Whether you’re a diehard fan, or a casual viewer, no one here at The Geek League can deny that Star Wars has had some impact on their love for the science fiction genre. For Mike Senna, seeing Star Wars in theaters in 1977 sparked a lifelong love that eventually led him to turn fiction into reality.
In 2001, Senna, a computer programmer from Orange County, CA, joined the 501st, a Star Wars costuming group, with a Stormtrooper costume he assembled himself. Inspired by the group’s charity work, Senna set out to find something unique to add to the mix, which led him to discover the R2 Builders club. By 2003, Senna had created a life-like, functioning R2-D2 robot that became an instant hit everywhere it went, from charity events to children’s hospitals. But Senna’s creations didn’t stop there.
“I saw what affect the R2 had on the kids and adults,” says Senna. “The kids were fascinated and I could tell in some, it really affected their outlook, especially the kids that had long stays in the hospitals. After years of really great experiences with R2, I wanted to do another character that could be more expressive back to the kids. Something that could communicate more emotion and could really bring that much more to the kids who needed it.”
So, in 2010, the self-confessed tinkerer began work on his latest robot creation, Wall-E. Senna took to the Internet to enhance his pre-existing knowledge so he could design all the robotic mechanisms himself. “The knowledge was gained over a lifetime of curiosity. Thank God for the Internet!” says Senna. “Before the Internet, I was one of those guys that read through Encyclopedias (if you know what they are)!”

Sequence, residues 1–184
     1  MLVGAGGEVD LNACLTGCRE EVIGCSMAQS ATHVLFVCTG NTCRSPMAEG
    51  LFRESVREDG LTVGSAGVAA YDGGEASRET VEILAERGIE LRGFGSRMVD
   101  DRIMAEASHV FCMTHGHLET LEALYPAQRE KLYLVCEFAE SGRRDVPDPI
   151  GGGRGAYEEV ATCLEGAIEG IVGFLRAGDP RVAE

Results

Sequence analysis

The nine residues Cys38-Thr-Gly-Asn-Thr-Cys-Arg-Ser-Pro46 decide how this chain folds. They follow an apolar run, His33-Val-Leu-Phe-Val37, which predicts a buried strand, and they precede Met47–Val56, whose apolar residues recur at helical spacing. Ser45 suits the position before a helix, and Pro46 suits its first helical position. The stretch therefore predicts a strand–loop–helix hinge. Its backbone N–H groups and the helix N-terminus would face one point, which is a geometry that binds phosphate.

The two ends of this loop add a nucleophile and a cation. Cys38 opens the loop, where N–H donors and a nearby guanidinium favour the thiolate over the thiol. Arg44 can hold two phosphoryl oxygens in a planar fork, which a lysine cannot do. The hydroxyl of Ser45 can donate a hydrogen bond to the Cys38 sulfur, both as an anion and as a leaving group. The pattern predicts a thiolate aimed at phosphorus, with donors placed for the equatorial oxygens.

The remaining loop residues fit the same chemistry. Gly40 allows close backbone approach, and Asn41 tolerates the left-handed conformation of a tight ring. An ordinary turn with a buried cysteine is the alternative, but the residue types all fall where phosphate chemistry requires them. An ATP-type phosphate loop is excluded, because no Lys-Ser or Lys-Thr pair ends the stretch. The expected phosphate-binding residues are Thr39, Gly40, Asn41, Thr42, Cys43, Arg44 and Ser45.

Senna set out to make an extremely life-like replica that looks, sounds, and acts exactly like the Pixar character. No matter the challenges, Senna was determined to achieve his goals and bring even more joy and inspiration to the children he encountered.
“I treated each challenge as something I just needed to try to do, even if I had to try a couple times to get it right,” says Senna. “I had to allow myself to fail and try again. That’s what makes anyone successful. You don’t learn by doing it right every time, you can’t let yourself be defeated. You stick with it, even if you need to ask for advice or help. I try to treat any challenge the same way. But you must go one step further, I believe to truly be a useful person, you must share what you have learned. I also help give panels on R2 building and will in the future do the same with Wall-E.”
Because of his hard work and attention to detail, Senna’s R2-D2 spawned a relationship with LucasFilm. From time to time, George Lucas’s film production company will recommend Senna’s R2-D2 for events in the area. Senna also hopes to develop a professional relationship with Disney/Pixar, if at all possible. However, Senna still prefers smaller gigs with little fanfare, namely children’s charity events. These smiles and happy faces are what make it all worthwhile.
“There was a blind child early on, who got to experience what R2 looked like by feel,” says Senna. “I let him operate the dome and sound effects with the transmitter and explained how the remote control worked. A lot of smiles, a lot of playful kids, a lot of hugs for R2. Just seeing the kids who have had a rough time suddenly light up, it’s awesome.”
(Photos courtesy of Mike Senna’s blog.)